Interview Hindi

Trying to explore a poetic sense of being, says filmmaker Shashank Walia on his films  


The filmmaker talks about how both, Somewhere Nowhere and In the Month of Love, explore the interaction between people and spaces in their own way.  He also shares his experience of being at the Rotterdam Film Festival earlier this year.

Sukhpreet Kahlon

Somewhere Nowhere is an observational essay film that explores the universe of a city. An old man, who is also a photographer, tells a tale of the city in which he has spent his lifetime, opening up the idea of a colony, a commune and how a city is reborn constantly to accommodate newer narratives. The themes of nostalgia, memory and constant flux bind the shifting city spaces.

Directed by Reema Kaur and Shashank Walia, the film was screened at the IAWRT Asian Women’s Film Festival in New Delhi. Walia has also directed the fiction short, In the Month of Love, which was screened at the International Film Festival of Rotterdam earlier this year.

Navigating the space between fiction and documentary, Walia spoke about the form that excites him as a filmmaker. “The form of meditation, meditation through film, and a form through which we can reflect on the times that we live in and on ourselves. How we should look at our past, our memories, our surroundings through film… and if we can expand some sensitivity in society through films. We [Kaur and Walia] also think that there is a sense of resistance that can come through cinema. But that can only come through if we move away from conventional story-telling methods and forms,” he says.

Both the documentary and fiction short explore the interaction between people and spaces in their own way. In Somewhere Nowhere in particular, it looks at those whom society has largely chosen to forget, the labourers and workers in the city, going into spaces in the city that are largely ignored as well.

Addressing this, Walia said, “Largely, we are trying to explore a poetic sense of being. With this documentary [Somewhere Nowhere] specifically, the idea is not to open up a story or a narrative but to really open up moments and time. I think cinema is also a medium of time and we have to somehow experience a sense of time in us. There is a sense of time that we develop through our lives. Everybody has a different experience of time and when you put your experience of time with these people [the characters in the film], they start connecting with your time. I remember specifically with the fiction film, when it premiered at Rotterdam, one filmmaker from Latin America said that she could find her childhood through the film. I think if you are able to build on time and a certain poetry, you can connect with people through cinema.”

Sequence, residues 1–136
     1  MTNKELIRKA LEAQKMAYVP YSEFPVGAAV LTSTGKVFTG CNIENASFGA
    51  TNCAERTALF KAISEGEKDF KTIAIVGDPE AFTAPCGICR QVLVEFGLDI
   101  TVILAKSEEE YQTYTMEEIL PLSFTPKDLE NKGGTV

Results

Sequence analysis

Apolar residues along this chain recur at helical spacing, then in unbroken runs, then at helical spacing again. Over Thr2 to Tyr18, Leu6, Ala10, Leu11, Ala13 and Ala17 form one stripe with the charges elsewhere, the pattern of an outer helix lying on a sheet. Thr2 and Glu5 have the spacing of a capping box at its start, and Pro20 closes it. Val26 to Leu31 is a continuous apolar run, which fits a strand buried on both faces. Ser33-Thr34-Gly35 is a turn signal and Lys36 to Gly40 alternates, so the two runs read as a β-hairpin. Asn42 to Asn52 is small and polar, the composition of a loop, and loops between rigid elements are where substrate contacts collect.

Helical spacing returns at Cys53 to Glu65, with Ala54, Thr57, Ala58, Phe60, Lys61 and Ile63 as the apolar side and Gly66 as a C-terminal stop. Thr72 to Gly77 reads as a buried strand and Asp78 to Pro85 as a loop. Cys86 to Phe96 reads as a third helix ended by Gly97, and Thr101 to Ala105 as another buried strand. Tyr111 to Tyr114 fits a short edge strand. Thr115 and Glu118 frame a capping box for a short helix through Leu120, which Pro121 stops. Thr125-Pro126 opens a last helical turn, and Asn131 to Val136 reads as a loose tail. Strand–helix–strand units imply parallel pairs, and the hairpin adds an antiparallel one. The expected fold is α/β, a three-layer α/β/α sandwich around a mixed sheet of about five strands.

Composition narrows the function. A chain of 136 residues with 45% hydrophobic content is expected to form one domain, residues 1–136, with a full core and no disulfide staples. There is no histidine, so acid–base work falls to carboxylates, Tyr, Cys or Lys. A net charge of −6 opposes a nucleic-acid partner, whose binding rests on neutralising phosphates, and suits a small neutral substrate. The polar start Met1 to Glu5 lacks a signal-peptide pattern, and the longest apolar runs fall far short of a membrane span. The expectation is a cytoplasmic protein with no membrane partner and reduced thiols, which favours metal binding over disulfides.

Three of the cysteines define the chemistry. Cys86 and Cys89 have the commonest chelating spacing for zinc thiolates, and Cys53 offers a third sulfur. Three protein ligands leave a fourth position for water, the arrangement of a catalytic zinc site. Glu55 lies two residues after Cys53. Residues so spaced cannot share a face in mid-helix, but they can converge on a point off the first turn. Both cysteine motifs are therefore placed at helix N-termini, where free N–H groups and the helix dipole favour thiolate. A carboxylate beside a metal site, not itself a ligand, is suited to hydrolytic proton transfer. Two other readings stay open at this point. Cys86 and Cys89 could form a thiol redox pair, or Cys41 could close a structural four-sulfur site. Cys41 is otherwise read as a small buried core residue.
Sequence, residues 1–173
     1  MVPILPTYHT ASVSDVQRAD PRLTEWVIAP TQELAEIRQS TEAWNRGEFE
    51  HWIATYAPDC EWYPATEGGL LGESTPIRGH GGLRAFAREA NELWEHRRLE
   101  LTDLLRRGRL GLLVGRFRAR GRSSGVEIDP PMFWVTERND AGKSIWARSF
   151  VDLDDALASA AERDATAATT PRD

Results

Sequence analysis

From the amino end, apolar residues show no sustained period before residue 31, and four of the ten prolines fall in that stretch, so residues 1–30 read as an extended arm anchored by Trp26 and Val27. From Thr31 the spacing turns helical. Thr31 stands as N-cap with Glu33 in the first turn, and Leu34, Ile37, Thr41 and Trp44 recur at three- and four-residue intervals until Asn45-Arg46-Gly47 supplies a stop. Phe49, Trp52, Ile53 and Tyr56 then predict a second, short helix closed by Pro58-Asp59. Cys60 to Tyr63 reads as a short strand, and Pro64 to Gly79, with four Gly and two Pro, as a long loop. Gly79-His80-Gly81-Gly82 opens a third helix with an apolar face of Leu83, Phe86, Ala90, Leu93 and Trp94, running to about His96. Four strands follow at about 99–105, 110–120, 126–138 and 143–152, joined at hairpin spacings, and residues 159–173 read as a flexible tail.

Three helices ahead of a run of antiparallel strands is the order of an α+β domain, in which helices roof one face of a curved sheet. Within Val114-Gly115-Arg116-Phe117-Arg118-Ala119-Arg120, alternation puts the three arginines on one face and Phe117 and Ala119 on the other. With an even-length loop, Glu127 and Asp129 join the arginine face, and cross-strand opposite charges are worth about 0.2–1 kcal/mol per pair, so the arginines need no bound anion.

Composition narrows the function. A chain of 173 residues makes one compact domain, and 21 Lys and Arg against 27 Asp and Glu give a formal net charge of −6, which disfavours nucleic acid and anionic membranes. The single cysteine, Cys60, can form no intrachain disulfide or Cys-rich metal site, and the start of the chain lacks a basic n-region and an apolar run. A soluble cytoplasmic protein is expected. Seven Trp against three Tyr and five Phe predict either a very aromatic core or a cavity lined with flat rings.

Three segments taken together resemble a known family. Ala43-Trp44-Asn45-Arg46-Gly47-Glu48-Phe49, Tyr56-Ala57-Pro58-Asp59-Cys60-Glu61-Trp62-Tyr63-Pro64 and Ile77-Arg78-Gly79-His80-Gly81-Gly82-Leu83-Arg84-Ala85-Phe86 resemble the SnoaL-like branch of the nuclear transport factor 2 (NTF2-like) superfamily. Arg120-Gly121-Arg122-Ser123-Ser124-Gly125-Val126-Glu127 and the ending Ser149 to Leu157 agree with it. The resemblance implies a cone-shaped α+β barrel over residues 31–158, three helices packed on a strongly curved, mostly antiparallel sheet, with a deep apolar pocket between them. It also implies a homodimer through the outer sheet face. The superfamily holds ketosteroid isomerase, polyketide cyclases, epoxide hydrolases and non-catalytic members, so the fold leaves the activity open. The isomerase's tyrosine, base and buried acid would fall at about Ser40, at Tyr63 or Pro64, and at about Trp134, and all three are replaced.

He added, “Somewhere Nowhere looks at the city in a certain way, it looks at a certain class and people who, in a certain way, build the city, and are on the penultimate spectrum of the city. Nobody is even thinking about them and even if we do, we are mostly concerned with why they have come [to the city]. But there is a certain sense of time and a bodily experience that these people go through when they are building a city. So I wanted to explore their life.”

Both films employ the use of folk songs but there is no music as such, in the films. Speaking about this aspect Walia said, “For me and Rima, miniature paintings and classical music have a sense of time, beyond their compositional value and the play of colour and light. I think music is another medium, like cinema which can deal with time. We can get a sense of time through music. It is about how a raga is constructed and how one starts with a few notes, and you build on them, there is an improvisation, high and low, and final settlement of notes. So there is a structure to that and this is the structure that we followed with In the Month of Love as well. In terms of colour, light, the few dialogues in the film, the idea is to really create a sense of time and music plays an important role as there is no use of music as such in the film.” 

In the Month of Love was received very well at Rotterdam and the filmmaker shared his experience of being at the festival saying, “It is a fantastic festival. It’s very open and it’s a kind festival. There is no hierarchy. It went beyond people who watched it for the first time in the theatres there. There is a podcast that happens about the films at the festival, and there were about 20 films that people had responded to. Our film found a mention in that as someone felt that it was very poetic and had a sense of nostalgia. People also really talked about the sound in the film. These are things that are really important for new filmmakers like us because one thinks about whether or not people will be able to relate to the cultural context. But they do and they could respond to the subtle elements in the film, which is very encouraging.”

Related topics

IAWRT Asian Women's Film Festival